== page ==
As summer approaches, I know many residents will feel some frustration at the grinding reality of social distancing, tempered of course by the determination to safeguard the health of loved ones.

I hope the government’s provisional timetable to gradually relax lockdown in June and July, if the scientific evidence at the time indicates this is safe, gives people some hope that they may not miss out on all the normal pleasures of the season.

As a parent of school-age children, I am acutely aware that the planned reopening of some primary school classes from June 1 should only proceed if the risk is carefully controlled. I made contact with headteachers in my constituency prior to the June announcement to ask for their general feedback, and have had useful discussions with school leaders. I will also be speaking to the local leadership of the teachers’ union the NEU, and I think it is vital that the views of all teachers and parents inform ongoing planning for the gradual return of schools.

One of the big concerns around school closures was the potential disproportionate impact on learning for children from lower-income backgrounds. This is why I questioned the Education Secretary in the House of Commons earlier this month about the provision of laptops for home learning, after this was flagged with me as a concern by local headteachers.

Although coronavirus will remain the overriding priority for York’s NHS for the foreseeable future, I know residents who have had routine operations delayed as a result will appreciate clarification on the timetable for rescheduling them. Having contacted the Chief Executive of York Hospitals NHS Trust, I have been told that they are working to scale up non-coronavirus urgent services wherever possible over a six-week period from early May to mid-June.

I have also tabled written parliamentary questions to the Health Secretary via the House of Commons, pressing him on when routine dental work can resume, with the necessary safety precautions.

The projected reopening of non-essential shops from June 1, and some hospitality and leisure venues from July 4 when and where it is safe to do so, should allow for York’s hard-hit businesses to begin to regain some of their losses. As a bustling city, with a strong tourism industry, York will not be itself again until trading picks up.

The government’s vital furlough scheme, reassuringly now extended until October, is guaranteeing wage payments and job retention for eight million employees, with a further two million self-employed people claiming similar income support. But as lockdown eases for businesses, I think it is important to adjust assistance to focus on the worst-affected sectors who will take longest to recover, such as our city’s large hospitality and tourism industry. This is why I have written to the Chancellor stressing sectors like this will need support for longer, and that resources must begin to focus on these, more than on businesses that can soon hope to safely reopen.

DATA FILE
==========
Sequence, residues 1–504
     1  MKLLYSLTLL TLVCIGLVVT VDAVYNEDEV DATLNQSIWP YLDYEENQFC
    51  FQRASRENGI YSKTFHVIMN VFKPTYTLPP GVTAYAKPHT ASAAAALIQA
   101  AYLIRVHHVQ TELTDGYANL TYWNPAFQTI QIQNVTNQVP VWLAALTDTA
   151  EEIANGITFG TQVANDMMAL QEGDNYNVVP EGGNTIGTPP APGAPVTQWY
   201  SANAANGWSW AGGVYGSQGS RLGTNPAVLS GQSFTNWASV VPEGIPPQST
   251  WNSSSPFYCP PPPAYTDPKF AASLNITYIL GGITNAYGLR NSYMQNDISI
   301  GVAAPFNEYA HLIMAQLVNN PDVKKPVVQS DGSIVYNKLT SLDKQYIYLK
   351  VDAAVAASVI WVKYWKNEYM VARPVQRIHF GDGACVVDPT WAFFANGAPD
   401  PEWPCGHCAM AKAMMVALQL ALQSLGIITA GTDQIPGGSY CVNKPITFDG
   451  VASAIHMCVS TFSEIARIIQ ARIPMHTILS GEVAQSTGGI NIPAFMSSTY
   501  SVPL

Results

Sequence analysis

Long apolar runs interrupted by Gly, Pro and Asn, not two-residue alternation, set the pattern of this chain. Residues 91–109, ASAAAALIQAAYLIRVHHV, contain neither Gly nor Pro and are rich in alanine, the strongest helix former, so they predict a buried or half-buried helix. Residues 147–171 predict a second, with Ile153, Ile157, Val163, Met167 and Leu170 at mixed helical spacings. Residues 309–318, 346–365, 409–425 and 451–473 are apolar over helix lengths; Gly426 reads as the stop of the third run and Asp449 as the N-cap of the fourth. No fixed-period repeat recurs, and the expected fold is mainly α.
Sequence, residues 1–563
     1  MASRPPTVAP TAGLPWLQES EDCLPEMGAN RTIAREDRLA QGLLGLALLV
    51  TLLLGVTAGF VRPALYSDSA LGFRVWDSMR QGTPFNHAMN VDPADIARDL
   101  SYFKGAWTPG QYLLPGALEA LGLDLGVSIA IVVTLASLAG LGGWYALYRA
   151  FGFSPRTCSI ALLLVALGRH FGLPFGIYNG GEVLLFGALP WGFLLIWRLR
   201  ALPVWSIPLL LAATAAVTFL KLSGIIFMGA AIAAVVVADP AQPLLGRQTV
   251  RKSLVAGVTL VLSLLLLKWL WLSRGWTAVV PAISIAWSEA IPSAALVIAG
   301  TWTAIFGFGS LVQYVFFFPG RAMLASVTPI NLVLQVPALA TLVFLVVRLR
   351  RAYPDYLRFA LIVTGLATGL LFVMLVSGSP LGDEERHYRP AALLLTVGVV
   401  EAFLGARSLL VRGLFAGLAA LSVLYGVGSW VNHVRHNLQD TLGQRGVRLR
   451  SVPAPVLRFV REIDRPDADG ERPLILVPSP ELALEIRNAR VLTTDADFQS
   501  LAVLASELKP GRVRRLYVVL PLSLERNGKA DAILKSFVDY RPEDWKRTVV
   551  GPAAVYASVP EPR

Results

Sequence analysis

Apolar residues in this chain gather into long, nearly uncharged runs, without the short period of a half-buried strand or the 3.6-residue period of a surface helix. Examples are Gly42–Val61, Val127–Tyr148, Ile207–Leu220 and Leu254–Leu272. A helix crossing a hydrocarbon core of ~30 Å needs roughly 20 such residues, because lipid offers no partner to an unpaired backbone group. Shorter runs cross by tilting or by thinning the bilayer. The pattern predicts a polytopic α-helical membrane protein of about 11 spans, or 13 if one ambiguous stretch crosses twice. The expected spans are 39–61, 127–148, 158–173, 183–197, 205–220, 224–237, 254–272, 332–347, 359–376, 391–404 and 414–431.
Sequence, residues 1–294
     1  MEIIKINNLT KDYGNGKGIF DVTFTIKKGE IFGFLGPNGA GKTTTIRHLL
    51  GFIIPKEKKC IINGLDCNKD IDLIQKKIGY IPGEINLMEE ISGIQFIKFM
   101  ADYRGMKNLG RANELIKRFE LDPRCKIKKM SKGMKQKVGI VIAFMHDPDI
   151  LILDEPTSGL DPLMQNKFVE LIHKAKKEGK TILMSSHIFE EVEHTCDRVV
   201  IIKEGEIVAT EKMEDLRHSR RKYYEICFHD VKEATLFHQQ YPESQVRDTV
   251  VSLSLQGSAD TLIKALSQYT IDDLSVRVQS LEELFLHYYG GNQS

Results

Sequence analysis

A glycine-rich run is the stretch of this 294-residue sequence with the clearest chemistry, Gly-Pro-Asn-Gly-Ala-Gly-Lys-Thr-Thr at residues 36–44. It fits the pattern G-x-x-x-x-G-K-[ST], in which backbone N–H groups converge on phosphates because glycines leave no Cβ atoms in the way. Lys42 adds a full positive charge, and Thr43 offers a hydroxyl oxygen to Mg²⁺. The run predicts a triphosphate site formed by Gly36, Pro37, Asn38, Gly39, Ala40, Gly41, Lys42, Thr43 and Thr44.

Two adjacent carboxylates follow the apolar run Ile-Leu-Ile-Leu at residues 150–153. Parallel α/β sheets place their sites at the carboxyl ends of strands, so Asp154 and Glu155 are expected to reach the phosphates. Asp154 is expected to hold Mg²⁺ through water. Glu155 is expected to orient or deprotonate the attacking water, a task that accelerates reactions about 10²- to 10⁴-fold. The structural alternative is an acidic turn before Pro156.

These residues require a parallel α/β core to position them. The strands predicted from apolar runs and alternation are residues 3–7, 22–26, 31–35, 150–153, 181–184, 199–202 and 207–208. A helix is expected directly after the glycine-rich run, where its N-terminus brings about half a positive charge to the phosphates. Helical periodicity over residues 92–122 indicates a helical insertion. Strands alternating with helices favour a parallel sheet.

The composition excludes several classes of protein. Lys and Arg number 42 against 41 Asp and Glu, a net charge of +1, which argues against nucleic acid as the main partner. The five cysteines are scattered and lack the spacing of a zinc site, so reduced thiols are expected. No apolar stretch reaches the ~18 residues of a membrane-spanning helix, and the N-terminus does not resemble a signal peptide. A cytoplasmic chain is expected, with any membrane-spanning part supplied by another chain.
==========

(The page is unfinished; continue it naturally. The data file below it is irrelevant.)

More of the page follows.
It is only right that Parliament should physically reopen as planned in June, alongside shops and schools. Although the video-calling ‘hybrid’ arrangements have been a considerable success, this is no substitute for face-to-face scrutiny.

The Agriculture Bill is a good example of the pressing non-coronavirus business MPs have to progress, creating a new UK farming and environmental policy to replace that previously set by the EU. I voted against the government line during the May 13 debate on this, supporting an amendment requiring that food imports under future trade agreements meet British animal welfare and environmental standards. Although this was sadly defeated, I helped send a clear message to the government that MPs expect it to make good on its manifesto commitment to uphold our high standards, and the current situation obviously demonstrates the value of maintaining a strong UK food sector.

Amid the gloom, this month’s news that the government has backed York residents by dismissing the developer's appeal for permission to build near the irreplaceable Askham Bog was a welcome relief. Earlier this year, I led a cross-party group of Yorkshire MPs in urging the Housing Minister to do just this, and I warmly praise the determination of local residents, which has produced this wonderful outcome.